Telus Urges EV Owners to Sway CRTC Wholesale Fibre Rates

Telus has been proactively contacting various third-party organizations, including stakeholders in the electric vehicle community, to express concerns over the impact of the Canadian Radio-television and Telecommunications Commission’s (CRTC) wholesale fibre proceeding from last fall, claiming it will affect EV charging infrastructure in Canada.

Telus is distributing a template letter addressed to Minister François-Philippe Champagne, highlighting the potential repercussions of CRTC’s decisions on the development of EV charging networks, according to a copy obtained by iPhone in Canada. The telecom emphasized the importance of considering future use cases in the mandate for wholesale access to fibre networks. That’s the selling of wholesale internet from Telus to resellers.

The company claimed that the current and future connectivity needs of EV charging stations are increasingly complex and pivotal for the efficient operation of these infrastructures. The reliance on fibre-optic networks for high-speed, reliable connectivity is crucial for emerging capabilities like bidirectional power flows and the integration with autonomous vehicles.

Telus argued that insufficient consideration of these aspects in the CRTC’s fibre proceeding could significantly hinder the progress in building a robust and reliable EV charging network across Canada. If wholesale access is available at rates that are “too low” to make a profit, Telus says investment in fibre will “dry up” and reduce future investments for EV charging infrastructure.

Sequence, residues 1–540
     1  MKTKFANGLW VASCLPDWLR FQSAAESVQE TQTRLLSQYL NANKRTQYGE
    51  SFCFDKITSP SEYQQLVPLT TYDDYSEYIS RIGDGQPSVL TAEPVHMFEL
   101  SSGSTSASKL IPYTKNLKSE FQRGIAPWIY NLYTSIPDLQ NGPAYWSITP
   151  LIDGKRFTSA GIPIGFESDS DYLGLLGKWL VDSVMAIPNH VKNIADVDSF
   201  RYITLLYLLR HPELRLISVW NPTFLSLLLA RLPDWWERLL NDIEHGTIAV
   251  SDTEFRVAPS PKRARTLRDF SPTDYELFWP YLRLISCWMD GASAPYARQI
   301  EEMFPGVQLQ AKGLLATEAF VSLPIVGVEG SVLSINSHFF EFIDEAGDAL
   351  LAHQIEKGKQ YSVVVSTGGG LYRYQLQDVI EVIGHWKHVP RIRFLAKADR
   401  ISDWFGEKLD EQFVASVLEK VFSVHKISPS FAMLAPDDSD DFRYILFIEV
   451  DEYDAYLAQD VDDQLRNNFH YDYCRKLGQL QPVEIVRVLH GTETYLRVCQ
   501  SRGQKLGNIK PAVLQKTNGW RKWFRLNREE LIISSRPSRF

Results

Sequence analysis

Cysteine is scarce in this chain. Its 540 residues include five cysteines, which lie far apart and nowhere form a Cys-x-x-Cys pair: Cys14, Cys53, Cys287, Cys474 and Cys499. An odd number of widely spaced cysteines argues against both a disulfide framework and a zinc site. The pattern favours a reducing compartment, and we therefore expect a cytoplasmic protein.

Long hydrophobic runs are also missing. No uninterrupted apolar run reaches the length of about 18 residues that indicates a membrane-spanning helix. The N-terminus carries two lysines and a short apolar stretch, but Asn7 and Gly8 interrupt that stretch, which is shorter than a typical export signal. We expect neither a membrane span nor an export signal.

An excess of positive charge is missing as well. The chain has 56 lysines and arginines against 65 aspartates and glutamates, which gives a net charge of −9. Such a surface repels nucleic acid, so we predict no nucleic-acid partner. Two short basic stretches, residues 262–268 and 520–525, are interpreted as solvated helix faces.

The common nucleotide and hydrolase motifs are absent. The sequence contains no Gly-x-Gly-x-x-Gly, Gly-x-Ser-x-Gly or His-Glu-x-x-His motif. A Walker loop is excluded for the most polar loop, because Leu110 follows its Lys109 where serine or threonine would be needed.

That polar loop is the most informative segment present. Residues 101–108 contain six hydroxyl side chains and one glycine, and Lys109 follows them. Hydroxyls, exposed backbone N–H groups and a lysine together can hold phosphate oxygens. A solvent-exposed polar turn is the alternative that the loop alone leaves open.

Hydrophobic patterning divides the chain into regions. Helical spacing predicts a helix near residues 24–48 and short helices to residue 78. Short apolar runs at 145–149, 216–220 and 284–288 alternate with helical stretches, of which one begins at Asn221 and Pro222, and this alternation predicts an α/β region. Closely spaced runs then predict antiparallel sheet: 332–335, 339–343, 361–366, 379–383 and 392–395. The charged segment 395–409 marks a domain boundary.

This is about spreading fear, doubt and uncertainty—and trying to gaslight third party groups into influencing public policy—about how lower wholesale access rates might affect EV charging network development. This comes at a time when the federal government is mandating all new cars sold in 2035 will need to be electric or hybrid, while also spending tens of millions on EV charging network infrastructure.

Back in November, the CRTC launched measures that it said would increase internet competition in Canada. How? It aimed to fast-track a process to mandate Telus and Bell to open up their fibre-to-the-home networks in Ontario and Quebec. In other words, both telecoms will have to offer adjusted lower rates in both provinces to wholesalers.

But according to independent ISPs such as TekSavvy, they argue the wholesale rates being mandated are higher than retail prices Telus and Bell currently charge customers. Bell was given on an interim basis, guaranteed profit margin of 30% from the CRTC. One MP said that Bell was “blackmailing” Canadians on the CRTC internet decision.

The move by Telus urging for third parties to submit letters to Minister Champagne comes ahead of a CRTC public hearing on the matter set for February 12, 2024.

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